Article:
Every so often I read something in print, and I think to myself, did he/she really say that? I just had that experience again yesterday when I was reading a short article in from the Des Moines (Iowa) Register blog that quoted Senator Grassley as saying the following:
"It's a bill most of Wall Street wants passed. And quite frankly, if Wall Street's pushing for it, is it really much of a change for Wall Street?" Grassley told reporters in a conference call. "And it seems to me the last thing Iowans would expect in any real reform bill is that Wall Street would be backing it." (Beaumont, 2010)
I really had to go back and read this twice. Sojourners has been part of Americans for Financial Reform, a coalition of organizations who have been supporting the financial reform effort before bills were even filed in the House and Senate. And as part of that coalition, I can tell you who we have been fighting against lo these many months: Wall Street. Every time we have gotten close to getting a bill passed, the big Wall Street banks poured money into campaign coffers and lobbyists trying to do everything it could to prevent the Dodd-Frank bill from passing. Regardless of what you may think of the final bill -- that it goes too far, or that it doesn't go far enough in regulating the actions of Wall Street -- it is the single most important bill to reign in bad actors and require responsible practices by banks.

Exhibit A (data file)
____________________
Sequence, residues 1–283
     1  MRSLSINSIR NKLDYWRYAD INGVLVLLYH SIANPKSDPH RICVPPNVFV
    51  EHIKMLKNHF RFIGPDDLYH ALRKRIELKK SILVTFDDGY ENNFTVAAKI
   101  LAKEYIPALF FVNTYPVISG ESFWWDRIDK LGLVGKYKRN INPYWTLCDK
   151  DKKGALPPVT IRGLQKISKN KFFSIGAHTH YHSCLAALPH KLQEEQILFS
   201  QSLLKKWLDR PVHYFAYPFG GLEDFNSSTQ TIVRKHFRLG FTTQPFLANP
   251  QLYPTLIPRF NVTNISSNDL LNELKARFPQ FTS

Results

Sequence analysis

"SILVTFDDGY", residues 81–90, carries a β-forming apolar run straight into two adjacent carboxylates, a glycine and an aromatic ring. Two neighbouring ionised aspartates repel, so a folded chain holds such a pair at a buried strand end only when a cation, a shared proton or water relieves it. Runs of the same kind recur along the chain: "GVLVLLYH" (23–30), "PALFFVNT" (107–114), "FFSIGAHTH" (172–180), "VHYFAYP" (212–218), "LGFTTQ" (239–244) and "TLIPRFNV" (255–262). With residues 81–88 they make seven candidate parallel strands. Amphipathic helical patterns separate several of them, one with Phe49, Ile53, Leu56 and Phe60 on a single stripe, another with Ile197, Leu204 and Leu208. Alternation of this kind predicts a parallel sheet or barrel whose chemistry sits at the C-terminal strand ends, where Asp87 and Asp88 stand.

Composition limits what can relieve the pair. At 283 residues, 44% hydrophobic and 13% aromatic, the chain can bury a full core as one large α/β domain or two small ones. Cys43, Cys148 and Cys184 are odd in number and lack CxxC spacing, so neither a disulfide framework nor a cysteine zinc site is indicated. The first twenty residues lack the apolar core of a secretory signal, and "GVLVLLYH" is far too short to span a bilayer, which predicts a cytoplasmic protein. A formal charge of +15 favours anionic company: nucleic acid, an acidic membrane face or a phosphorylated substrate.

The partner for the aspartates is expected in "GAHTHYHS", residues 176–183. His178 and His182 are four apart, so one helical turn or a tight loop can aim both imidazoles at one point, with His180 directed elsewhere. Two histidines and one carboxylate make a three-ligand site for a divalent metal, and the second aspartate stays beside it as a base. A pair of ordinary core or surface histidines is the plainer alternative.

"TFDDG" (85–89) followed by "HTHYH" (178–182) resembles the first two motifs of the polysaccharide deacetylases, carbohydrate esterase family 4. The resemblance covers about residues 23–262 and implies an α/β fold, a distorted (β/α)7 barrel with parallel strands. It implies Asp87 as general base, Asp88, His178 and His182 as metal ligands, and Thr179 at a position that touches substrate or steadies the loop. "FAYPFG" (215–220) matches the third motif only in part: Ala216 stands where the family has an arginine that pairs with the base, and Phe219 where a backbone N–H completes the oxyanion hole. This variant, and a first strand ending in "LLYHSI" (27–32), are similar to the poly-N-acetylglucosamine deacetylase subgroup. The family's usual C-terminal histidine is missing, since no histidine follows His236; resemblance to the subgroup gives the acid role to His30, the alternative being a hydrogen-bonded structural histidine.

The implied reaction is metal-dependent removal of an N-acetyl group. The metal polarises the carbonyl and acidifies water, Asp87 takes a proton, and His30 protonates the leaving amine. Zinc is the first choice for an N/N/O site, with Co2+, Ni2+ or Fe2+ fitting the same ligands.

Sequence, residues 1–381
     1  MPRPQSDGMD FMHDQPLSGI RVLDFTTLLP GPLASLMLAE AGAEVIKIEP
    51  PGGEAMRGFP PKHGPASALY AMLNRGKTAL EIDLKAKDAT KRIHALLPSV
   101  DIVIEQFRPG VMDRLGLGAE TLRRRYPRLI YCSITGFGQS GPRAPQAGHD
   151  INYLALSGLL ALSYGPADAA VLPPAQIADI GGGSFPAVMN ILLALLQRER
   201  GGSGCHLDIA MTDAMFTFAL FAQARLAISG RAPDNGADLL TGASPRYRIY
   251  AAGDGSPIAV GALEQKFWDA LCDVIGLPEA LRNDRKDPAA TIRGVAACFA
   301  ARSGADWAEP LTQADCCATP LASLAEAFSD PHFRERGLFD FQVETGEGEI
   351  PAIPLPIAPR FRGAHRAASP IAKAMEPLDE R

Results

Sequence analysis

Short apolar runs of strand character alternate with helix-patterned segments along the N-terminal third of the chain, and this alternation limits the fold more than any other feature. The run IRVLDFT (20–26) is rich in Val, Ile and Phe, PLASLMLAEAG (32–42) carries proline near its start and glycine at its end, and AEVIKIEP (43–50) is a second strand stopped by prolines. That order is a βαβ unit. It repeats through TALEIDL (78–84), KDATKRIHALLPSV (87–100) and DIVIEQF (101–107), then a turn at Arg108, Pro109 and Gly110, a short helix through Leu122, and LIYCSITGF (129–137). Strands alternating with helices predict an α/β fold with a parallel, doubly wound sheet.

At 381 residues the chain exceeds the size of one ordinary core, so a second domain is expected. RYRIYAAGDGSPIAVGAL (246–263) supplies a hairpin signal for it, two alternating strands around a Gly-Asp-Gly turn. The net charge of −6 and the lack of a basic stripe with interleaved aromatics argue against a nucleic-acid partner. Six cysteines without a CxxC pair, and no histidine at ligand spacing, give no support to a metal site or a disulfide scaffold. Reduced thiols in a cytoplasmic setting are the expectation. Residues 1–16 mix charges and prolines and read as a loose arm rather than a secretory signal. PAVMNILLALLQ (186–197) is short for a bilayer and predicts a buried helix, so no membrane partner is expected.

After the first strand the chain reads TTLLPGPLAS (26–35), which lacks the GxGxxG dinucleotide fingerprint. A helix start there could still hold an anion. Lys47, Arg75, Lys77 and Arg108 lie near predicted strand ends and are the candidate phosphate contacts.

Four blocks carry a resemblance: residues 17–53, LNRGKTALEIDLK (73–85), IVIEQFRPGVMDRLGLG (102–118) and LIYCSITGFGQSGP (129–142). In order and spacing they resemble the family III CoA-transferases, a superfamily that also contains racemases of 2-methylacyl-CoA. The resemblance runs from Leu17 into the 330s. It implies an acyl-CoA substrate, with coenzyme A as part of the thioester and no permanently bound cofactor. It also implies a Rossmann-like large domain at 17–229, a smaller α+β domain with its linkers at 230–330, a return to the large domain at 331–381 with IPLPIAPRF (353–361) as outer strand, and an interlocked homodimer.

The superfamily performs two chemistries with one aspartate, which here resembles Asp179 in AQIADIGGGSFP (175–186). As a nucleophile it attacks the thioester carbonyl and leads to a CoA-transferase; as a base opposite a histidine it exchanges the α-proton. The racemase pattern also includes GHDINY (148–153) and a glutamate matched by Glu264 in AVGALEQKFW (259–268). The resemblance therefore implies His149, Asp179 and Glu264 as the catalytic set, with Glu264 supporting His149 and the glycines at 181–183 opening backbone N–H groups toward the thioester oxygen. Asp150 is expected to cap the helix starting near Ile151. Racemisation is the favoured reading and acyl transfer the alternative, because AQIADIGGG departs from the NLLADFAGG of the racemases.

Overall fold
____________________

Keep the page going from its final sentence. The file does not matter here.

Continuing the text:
I wish that it were true that Wall Street supported this effort, but they don't. The primary aim of Wall Street has been to try and kill the bill at all costs so that they continue to play fast and loose with money that is not theirs -- it's yours and mine. When they won, they won. When they lost, we lost. Why would they want to end that kind of system? The odds were always in their favor.
But I learned yesterday that in a last ditch effort to kill reform, the spin doctors on Wall Street suggested that the appearance that Wall Street "support" reform would not only make the bill suspect to the American people, it would make them look like "good guys" who are willing to take one for the team. I'm usually not cynical enough to believe that corporations would actually do that, but in this case I know firsthand that this is what they tried to do. And Senator Grassley is apparently willing to help them do it.
Pardon me, Senator Grassley, but you are simply incorrect in stating that Wall Street is "really" backing this reform, or ever did back this reform. And it concerns me that the above blog post, written by a staff member of the Des Moines Register, doesn't challenge you on that assertion. So I'm sorry that you decided to side with Wall Street instead of Main Street in your financial regulatory reform vote today, but I'm glad that it did not prevent the passage of a bill that will benefit Iowans for generations to come.
Rev. Jennifer Kottler is the Director of Policy and Advocacy at Sojourners. A long-time advocate for justice, Jennifer has served in advocacy ministry for more than seven years through her work at Protestants for the Common Good (Chicago, IL), the Let Justice Roll Living Wage Campaign, and the Chicago Jobs Council.